Jan

Kim TalonKim Talon photographed by Johnny Fogg

SIGN:  Capricorn
CITY: New York City

I hung out with singer Kim Talon one pleasantly hungover Saturday afternoon. I met her at The Bowery Hotel, where she sipped on chamomile tea or something healthy while I downed vodka tonics to combat my hangover. Her icy blue eyes exuded a warmth that helped melt my hangover blues.

Kim is a solo bird now, after departing from Los Angeles band Eagle and Talon. When I asked her about her newfound creative freedom, her phone rang; it was Alice, her former band-mate. “She was like a spouse,” Kim confessed to me. “And now I’m like a single person in terms of not having that [musical] family. It’s sad and lonely but I do get to make all the creative decisions. I get to be more impulsive in terms of my creative decisions. I make every single choice alone. If it sucks then it’s on my shoulders.”

But her choices sure don’t seem to suck. Her debut single, “Work For The City” is clever and catchy. The folky vocals mixed with the pseudo punk sounds make me think of 90’s band Veruca Salt.

Kim TalonKim Talon photographed by Emma Kathan

For the record, she worked with producer John Goodmanson; it was the first time she had worked with a professional producer. She had always self-produced in the past. She found Goodmanson quiet at first and worried that perhaps the lack of verbal communication would translate into a musical miscommunication. “I was like, is this okay that we haven’t had a conversation? Are we really gonna approach his record in a mystical psychic way?” But, Goodmanson was merely soaking it all in. “I think he might be [a genius.] He knew exactly what I wanted.”

Kim grew up in Winnipeg. “I was surrounded by white for most of the year; I grew up in one of the coldest cities in the world.” Her exposure to a cold atmosphere stuck to her like freezer burn, and its effects can be heard through much of her music. “It definitely had a big influence on my creativity and in terms of my writing.” The warmth of her parents contrasted the cold; they pushed her to begin piano lessons at the ripe old age of two. She stated that her environment had more influence on her musically than any musician or artist.

She and her family still appear to be close. Practically everything that Kim was wearing came from her mom; she joked that her mom was her personal stylist. She pointed to the vintage kimono she was wearing. “My mom gave it to me. She has amazing taste. She just buys me vintage stuff, because she wants to vintage shop, but can’t wear this stuff in Winnepeg.”

Kim TalonKim Talon photographed by Johnny Fogg

Despite looking fly, Kim claimed she is not tapped into the fashion world at all. Before the interview, I had researched Kim and came across a lot of articles discussing her fashion; many of the write-ups referred to her clothing style as racy. Kim stated, “You lose street cred for [dressing that way] in the indie world; I wasn’t raised in an environment where I was taught that being comfortable with your body was a bad thing.”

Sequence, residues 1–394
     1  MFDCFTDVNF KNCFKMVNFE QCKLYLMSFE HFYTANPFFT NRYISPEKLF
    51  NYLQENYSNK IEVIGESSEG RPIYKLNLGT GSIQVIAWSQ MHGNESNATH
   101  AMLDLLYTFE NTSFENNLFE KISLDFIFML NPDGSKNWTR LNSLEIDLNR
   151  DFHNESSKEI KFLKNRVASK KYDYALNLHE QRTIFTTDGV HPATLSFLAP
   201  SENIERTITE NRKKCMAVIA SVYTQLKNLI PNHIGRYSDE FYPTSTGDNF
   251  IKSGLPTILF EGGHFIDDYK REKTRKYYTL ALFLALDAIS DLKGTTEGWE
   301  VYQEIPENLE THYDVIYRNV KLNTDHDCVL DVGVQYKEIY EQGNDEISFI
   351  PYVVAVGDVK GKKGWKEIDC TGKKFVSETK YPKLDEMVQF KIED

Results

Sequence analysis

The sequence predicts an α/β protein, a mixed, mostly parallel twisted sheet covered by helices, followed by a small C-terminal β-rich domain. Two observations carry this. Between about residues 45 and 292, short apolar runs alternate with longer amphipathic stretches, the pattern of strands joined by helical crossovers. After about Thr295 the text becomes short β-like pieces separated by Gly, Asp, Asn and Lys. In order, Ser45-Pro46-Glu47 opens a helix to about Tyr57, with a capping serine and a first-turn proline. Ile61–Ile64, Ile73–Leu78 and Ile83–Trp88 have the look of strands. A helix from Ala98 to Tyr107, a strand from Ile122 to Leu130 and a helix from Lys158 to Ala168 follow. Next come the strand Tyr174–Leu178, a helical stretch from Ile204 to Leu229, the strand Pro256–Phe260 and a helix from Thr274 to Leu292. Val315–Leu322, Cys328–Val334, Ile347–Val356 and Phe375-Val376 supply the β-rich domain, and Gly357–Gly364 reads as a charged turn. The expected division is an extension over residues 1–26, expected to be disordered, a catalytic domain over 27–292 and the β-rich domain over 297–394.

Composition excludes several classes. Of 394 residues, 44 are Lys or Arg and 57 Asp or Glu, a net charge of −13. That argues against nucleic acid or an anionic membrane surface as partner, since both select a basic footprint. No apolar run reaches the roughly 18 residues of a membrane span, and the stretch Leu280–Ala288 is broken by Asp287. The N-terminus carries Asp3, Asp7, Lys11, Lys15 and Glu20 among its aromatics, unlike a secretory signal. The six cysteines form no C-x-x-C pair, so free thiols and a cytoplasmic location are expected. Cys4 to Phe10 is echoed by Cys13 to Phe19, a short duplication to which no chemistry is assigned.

Unfortunately, our environment as a whole makes it hard for ladies to be comfortable being comfortable. And if you are comfortable, or are deemed attractive by society, you are not allowed to suffer. Kim, who feels herself to be an outsider, has found a lot of backlash when she expresses her outcast nature. “They think there is no reason for me to feel that way. It’s this response that I’m getting like, ‘what kind of problems could you possibly have?’ Being an artist means that you are inherently an outsider. If you’re an artist doing your own thing, you’re in a constant fight. I fight every single day.”

Kim TalonKim Talon photographed by Johnny Fogg

A lot of Kim’s previous music had a cold isolated feel to it, perhaps influenced by her Canadian youth. Her debut album, however, is warmer. “It’s also maybe a little more melancholy, more personal, less gritty; it’s more transparent,” she stated without hesitation. She also doesn’t hesitate to be badass with a side of detachment when she puts on a show. “People are scared of me when I perform,” she admitted. “I’m just trying to translate what the music is about, and I think that that manifests itself into a way where I seem kind of cold. I’m not putting on a show where people feel like they could hug each other. It’s [the performance] that is disturbing; the whole thing is just disturbing.”

If you want to be pleasantly disturbed, check her out at one of her performances. She begins mid-July in Los Angeles and she will be in Europe starting mid-August. Her album will be available across the pond on July 1st.

JAN is a musician who lives in New York City and has just released her first self-titled album available now.

Interview by Gina Tron

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